“If we speak of an angry God at all, we will speak of a God angry at indifference, angry at apathy, angry at racism and violence, angry at inhumanity, angry at waste, angry at destruction, angry at injustice, angry at hostile religious clannishness. That anger is never against us (or them); it is against what is against us (and them).”
Brian D. McLaren, Why Did Jesus, Moses, the Buddha, and Mohammed Cross the Road?: Christian Identity in a Multi-Faith World
tags: anger, god
“In the previous few minutes, I had seen the most beautiful thing that eyes can see: the glory of God shining in the radiance of creation. I had heard the most beautiful thing that ears can hear: friends telling friends that they love one another. And I had felt the most beautiful thing that any heart can ever feel: the love of God and the love of others.”
Brian D. McLaren
“Isn’t the real scandal not that our religious leaders might be imagined walking across a road or talking as friends together in a bar, but rather that their followers are found speaking against one another as enemies, day after day in situation after situation?”
Brian D. McLaren, Why Did Jesus, Moses, the Buddha, and Mohammed Cross the Road?: Christian Identity in a Multi-Faith World
“Confession: Imagine if love, not law, was the standard by which we learned to examine ourselves and confess our sins against God, neighbor, and the earth we share. Imagine if each week we were guided into the kind of self-examination that helped us name and turn from our unloving acts in recent days. And imagine if, along with confessing our sins, we confessed or named our hurts, the places where others have wounded us, so that we could process our pain and then respond in a way that doesn’t give in to resentment or revenge.”
Brian McLaren, The Great Spiritual Migration: How the World's Largest Religion Is Seeking a Better Way to Be Christian
“Frankly, our music has too often been shallow, discordant, or played with a wooden concern for technical correctness but without feeling and passion. ”
Brian McLaren
“As a committed Christian, I have always struggled with locked doors—doors by which we on the inside lock out "the others"—Jews, Muslims, Mormons, liberals, doubters, agnostics, gay folks, whomever. The more we insiders succeed in shutting others out, the more I tend to feel locked in, caged, trapped.”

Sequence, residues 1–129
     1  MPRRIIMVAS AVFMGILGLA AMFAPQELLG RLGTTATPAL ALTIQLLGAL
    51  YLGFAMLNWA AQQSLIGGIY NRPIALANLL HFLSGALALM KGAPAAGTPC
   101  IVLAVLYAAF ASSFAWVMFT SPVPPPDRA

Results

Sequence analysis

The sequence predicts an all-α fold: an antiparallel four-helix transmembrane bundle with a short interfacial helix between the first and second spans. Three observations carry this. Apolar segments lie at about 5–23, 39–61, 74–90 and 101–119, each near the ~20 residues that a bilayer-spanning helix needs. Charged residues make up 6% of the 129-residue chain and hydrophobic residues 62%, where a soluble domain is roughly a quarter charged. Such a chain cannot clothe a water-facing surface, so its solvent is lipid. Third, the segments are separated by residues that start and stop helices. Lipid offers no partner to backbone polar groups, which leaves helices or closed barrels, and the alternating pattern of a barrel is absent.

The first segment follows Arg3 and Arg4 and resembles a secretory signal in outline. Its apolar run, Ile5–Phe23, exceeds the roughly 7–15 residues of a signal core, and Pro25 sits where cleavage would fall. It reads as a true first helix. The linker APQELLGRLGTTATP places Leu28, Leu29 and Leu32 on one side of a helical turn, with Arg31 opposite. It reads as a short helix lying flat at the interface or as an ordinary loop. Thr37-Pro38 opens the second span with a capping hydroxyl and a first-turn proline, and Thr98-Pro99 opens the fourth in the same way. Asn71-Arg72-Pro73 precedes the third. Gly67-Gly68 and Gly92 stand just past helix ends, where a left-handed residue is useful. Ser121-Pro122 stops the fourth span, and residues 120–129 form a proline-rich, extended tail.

Brian D. McLaren, Why Did Jesus, Moses, the Buddha, and Mohammed Cross the Road?: Christian Identity in a Multi-Faith World
“It is the test of a good religion whether you can joke about it.”
Brian D. McLaren, Why Did Jesus, Moses, the Buddha, and Mohammed Cross the Road?: Christian Identity in a Multi-Faith World
“Whatever ember of love for goodness flickers within us, however feeble or small… that’s what the Spirit works with, until that spark glows warmer and brighter. From the tiniest beginning, our whole lives—our whole hearts, minds, souls, and strength—can be set aflame with love for God.”
Brian D. McLaren, We Make the Road by Walking: A Year-Long Quest for Spiritual Formation, Reorientation, and Activation
“If you don't want to worship a guy you can beat up, then I might humbly suggest you reconsider Caesar and the Greco-Roman narrative. It sounds like 'Christ and him crucified' is not for you. At least not yet.”
Brian D. McLaren, A New Kind of Christianity: Ten Questions That Are Transforming the Faith
“Aliveness, he will teach, is a gift available to all by God's grace. It flows not from taking, but giving, not from fear but from faith, not from conflict but from reconciliation, not from domination but from service. It isn't found in the upper trappings of religion -rules and rituals, controversies and scruples, temples and traditions. No, it springs up from our innermost being like a fountain of living water. It intoxicates us lie the best wine ever and so turns life from disappointment into a banquet.”
Brian D. McLaren
“Christian faith for me is no longer a static location but a great spiritual journey. And that changes everything.”
Brian McLaren, The Great Spiritual Migration: How the World's Largest Religion Is Seeking a Better Way to Be Christian

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A Generous Orthodoxy: Why I am a missional, evangelical, post/protestant, liberal/conservative, mystical/poetic, biblical, charismatic/contemplative, fundamentalist/calvinist, anabaptist/anglican, methodist, catholic, green, incarnational, depressed-ye... A Generous Orthodoxy